What does the exclamation mark do before the function?

!function () {}();


JavaScript syntax 101: here is a function declaration:

function foo() {}

Note that there’s no semicolon; this is just a function declaration. You would need an invocation, foo(), to actually run the function.

Now, when we add the seemingly innocuous exclamation mark: !function foo() {} it turns it into an expression. It is now a function expression.

The ! alone doesn’t invoke the function, of course, but we can now put () at the end: !function foo() {}(), which has higher precedence than ! and instantly calls the function.

function foo() {}() would be a syntax error because you can’t put arguments (()) right after a function declaration.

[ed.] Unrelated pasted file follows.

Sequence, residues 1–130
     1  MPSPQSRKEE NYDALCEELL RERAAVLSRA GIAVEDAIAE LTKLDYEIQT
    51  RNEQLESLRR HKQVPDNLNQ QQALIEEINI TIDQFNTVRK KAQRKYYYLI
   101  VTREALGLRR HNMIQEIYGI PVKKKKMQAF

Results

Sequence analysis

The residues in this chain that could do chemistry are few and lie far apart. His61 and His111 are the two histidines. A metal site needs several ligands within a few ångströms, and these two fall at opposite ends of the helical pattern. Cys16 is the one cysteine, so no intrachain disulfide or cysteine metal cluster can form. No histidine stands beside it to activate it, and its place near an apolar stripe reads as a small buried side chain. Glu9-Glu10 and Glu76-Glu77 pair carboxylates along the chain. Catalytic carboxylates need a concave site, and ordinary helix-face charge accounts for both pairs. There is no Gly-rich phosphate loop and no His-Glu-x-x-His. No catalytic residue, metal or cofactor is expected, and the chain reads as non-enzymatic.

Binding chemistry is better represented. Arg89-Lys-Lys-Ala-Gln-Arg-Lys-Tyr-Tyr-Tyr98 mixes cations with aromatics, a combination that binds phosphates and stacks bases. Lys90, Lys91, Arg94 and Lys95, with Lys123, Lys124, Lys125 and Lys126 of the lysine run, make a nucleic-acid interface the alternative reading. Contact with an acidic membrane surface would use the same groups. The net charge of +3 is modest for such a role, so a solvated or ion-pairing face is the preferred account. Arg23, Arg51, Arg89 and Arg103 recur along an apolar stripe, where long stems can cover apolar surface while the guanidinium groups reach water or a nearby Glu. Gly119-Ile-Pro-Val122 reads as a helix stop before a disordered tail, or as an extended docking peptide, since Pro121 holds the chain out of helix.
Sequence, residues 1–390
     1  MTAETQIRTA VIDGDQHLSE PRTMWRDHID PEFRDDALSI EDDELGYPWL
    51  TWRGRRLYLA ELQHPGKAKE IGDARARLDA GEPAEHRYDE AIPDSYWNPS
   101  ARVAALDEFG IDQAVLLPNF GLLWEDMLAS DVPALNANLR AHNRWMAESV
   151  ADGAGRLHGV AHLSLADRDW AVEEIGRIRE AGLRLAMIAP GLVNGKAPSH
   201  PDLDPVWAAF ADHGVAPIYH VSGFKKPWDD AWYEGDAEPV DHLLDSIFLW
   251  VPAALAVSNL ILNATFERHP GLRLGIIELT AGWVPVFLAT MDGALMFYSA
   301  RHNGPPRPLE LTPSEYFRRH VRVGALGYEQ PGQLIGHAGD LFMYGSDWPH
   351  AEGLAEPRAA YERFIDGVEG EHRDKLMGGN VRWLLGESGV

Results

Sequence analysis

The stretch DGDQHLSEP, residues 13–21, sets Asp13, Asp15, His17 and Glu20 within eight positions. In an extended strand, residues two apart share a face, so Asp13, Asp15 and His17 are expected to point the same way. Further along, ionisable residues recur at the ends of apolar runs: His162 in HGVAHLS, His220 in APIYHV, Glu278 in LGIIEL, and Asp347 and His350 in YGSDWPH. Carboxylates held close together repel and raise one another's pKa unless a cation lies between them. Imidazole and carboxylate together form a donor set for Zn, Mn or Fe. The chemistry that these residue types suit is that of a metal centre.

So what the author is doing is saving a byte per function expression; a more readable way of writing it would be this:


Lastly, ! makes the expression return a boolean based on the return value of the function. Usually, an immediately invoked function expression (IIFE) doesn’t explicitly return anything, so its return value will be undefined, which leaves us with !undefined which is true. This boolean isn’t used.

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